Texas (The Lone Star State) was adopted as the 28th state on December 29, 1845. It was named “The Lone Star State” symbolizing the independent republic of Texas, and as a reminder of the state’s struggle for independence from Mexico. It is so large, that Congress gave it permission to divide itself into five “new states of convenient size”. Early Texans did not split up the state, which is now second in size only to Alaska.
Here are some of the things we learned about this week:
- Located Texas on our wall map
- Read our National Geographic Atlas and located Austin, TX using the map coordinates.
- Worked on our 50 States and Capitals song
- Learned about the state and it’s flag
- State Bird: The Mocking Bird
- State Flower: Texas Bluebonnet
- Stetson Hat Company
- State Vehicle: Chuck Wagon
- Large Mammal: The Texas Longhorn
- Small Mammal: The Nine-banded Armadillo
- Texas Oil (Black Gold)
- US Presidents: Dwight D. Eisenhower (34th US President 1953-1961), Lyndon B. Johnson (36th US President 1963-1969)
- Food: Texas Sheet Cake (Recipe included in the curriculum)
Here is our white board for the week, we use this to review all of the state facts and symbols each day.
Turbo added Texas to our United States Bulletin. After that we reviewed all of the states we’ve learned so far on our travels.
We took turns locating Austin, Texas in our National Geographic Atlas.
They all completed their state worksheets as we read through all of the Texas state facts in our curriculum:
The Chuck Wagon was named the official state vehicle in 2005. Chuck Wagons carried food and cooking equipment on the prairies of the U.S. and Canada as part of wagon trains. They were used for feeding nomadic workers like cowboys and loggers. The “Cookie” was in charge of the Chuck Wagon and would often act as cook, barber, dentist, and banker.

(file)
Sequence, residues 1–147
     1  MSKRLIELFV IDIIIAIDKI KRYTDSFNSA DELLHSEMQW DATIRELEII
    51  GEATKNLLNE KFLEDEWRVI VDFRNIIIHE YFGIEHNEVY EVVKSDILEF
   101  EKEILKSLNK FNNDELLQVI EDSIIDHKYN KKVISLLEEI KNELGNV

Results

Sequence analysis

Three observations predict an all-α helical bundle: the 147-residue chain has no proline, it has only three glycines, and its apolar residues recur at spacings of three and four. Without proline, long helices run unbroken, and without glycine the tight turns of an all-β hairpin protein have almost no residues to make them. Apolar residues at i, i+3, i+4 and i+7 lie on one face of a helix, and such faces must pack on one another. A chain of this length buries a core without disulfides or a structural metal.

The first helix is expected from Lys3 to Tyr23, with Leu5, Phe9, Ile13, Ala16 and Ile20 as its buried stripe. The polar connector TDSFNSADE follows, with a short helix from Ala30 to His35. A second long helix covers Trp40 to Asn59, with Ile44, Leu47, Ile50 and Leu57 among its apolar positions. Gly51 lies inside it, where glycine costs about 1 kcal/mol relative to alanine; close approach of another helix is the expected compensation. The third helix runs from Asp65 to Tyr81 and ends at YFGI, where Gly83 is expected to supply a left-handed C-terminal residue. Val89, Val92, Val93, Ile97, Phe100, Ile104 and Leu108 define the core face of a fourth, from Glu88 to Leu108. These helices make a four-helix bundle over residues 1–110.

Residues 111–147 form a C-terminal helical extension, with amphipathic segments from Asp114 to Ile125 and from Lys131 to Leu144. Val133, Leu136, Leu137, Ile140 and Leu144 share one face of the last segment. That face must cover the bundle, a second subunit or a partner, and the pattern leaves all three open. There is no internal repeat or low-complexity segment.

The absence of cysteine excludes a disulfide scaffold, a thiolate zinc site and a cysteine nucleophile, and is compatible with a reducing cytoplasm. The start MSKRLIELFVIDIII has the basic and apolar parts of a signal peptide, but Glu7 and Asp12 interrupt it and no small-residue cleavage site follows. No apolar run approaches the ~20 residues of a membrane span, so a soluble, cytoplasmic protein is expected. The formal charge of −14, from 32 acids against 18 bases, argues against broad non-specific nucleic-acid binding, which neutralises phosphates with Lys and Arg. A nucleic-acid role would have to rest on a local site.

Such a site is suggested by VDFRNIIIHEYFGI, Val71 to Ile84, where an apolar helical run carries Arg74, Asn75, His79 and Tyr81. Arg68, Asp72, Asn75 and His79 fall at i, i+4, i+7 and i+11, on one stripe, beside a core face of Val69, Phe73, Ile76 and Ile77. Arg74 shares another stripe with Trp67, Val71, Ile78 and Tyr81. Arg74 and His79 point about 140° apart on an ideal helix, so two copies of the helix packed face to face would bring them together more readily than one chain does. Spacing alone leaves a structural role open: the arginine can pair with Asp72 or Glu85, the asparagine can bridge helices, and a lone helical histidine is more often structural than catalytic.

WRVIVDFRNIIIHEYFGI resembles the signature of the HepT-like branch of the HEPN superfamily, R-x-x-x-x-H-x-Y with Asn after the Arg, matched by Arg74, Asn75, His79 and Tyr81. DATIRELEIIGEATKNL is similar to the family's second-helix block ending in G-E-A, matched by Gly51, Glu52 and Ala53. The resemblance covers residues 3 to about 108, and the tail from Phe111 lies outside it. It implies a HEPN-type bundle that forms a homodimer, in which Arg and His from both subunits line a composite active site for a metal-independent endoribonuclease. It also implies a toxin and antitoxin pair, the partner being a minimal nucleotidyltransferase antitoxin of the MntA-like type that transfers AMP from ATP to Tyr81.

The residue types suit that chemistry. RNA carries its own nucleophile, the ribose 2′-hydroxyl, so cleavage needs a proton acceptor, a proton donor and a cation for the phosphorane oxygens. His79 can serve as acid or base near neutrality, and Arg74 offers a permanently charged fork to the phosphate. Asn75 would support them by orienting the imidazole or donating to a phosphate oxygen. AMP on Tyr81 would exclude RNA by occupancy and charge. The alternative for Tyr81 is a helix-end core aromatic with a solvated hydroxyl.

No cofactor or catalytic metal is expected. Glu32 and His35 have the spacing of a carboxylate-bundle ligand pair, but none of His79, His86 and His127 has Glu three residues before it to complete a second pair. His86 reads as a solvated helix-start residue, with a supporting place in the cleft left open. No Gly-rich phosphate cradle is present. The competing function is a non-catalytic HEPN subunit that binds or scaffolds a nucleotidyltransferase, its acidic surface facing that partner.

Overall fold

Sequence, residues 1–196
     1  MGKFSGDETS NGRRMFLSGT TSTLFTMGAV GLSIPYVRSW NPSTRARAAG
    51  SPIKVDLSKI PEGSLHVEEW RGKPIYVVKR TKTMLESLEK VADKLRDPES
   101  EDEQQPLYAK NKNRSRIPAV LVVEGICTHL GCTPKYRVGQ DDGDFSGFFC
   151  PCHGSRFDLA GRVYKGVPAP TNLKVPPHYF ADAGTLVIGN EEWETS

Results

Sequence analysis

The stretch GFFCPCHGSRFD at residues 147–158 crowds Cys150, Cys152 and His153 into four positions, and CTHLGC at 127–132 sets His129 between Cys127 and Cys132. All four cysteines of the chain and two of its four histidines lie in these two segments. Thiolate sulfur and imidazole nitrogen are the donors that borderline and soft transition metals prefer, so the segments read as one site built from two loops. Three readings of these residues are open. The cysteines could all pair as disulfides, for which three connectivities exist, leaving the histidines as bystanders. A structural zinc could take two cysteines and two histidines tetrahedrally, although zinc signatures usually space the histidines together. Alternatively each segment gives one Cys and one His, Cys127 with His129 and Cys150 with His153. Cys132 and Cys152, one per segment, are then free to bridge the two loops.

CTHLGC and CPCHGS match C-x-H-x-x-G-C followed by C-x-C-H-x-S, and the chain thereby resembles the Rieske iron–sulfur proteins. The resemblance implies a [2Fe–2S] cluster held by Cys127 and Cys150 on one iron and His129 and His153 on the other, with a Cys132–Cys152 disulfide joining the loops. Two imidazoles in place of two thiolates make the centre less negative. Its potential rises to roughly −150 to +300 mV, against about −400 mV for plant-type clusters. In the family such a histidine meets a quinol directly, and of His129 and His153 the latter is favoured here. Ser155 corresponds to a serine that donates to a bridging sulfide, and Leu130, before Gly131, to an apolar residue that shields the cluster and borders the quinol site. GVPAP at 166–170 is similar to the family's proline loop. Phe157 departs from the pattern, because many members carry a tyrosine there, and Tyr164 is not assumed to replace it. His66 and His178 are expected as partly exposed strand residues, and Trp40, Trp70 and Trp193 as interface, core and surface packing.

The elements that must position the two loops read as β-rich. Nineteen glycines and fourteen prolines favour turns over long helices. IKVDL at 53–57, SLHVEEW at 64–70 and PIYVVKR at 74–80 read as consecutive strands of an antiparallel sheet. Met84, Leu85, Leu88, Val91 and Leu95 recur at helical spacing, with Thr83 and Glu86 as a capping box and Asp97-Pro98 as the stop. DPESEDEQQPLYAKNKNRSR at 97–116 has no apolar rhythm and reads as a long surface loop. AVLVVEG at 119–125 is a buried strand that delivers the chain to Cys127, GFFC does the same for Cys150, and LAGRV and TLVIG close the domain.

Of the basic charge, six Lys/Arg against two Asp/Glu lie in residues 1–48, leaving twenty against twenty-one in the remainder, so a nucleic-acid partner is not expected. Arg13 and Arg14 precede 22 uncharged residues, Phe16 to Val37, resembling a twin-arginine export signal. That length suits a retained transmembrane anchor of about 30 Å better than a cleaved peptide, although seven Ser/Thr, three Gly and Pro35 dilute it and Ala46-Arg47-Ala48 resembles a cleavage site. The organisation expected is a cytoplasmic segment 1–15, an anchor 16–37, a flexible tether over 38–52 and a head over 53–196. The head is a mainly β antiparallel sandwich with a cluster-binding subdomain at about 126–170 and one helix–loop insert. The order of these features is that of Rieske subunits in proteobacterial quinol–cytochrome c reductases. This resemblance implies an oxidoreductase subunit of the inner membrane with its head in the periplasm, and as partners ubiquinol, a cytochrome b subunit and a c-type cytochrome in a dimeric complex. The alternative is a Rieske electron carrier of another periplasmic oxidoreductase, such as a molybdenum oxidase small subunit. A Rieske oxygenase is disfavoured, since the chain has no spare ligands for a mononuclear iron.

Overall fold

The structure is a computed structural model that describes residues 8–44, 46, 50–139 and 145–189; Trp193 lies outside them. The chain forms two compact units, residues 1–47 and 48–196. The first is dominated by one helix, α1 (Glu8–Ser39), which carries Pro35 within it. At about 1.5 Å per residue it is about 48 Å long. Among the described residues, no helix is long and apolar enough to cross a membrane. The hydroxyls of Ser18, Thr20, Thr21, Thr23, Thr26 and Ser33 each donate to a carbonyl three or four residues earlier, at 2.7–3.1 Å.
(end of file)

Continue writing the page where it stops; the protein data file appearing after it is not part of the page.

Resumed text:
We made a fun chuck wagon craft to commemorate our visit to Texas!
After learning about the animals symbols for Texas , we classified and added the animals to our USA animal wall!
Then Strawberry Shortcake had the honor of adding the state to our wall map.
January 10, 1901 marked the discovery of oil when the Lucas No. 1 well blew at Spindletop (a salt dome oil field) near Beaumont TX. It spewed oil more than 100 feet into the air until it was capped nine days later! From then on the Texas’ economy was wrenched from its rural, agricultural roots and launched into the petroleum and industrial age. The event created such a frenzy of oil exploration, that it became known as the Texas Oil Boom. Soon afterwards, the United States became the leading oil producer in the world.
We completed our study by adding the Texas state flag to our travel journal!
Since this was a review week, we played a bunch of fun review games to help remember all of the states we’ve learned so far. One of their favorites is the United States puzzle by region. (This is included in the curriculum as well.)
We take turns matching up the capitals to the state flashcards, and working the region puzzles.
Here are the regions we’ve covered so far! Just the west to go now!
We also added our mini-state books to our southwest notebook page in our Road Trip binders.
And we’re just about done reading If you Lived With The Hopi by Anne Kamma.
And that wraps up our Texas study! Everything you see here is included in the curriculum, If you’d like to come along with us on our Road Trip USA journey, click the image below to learn more!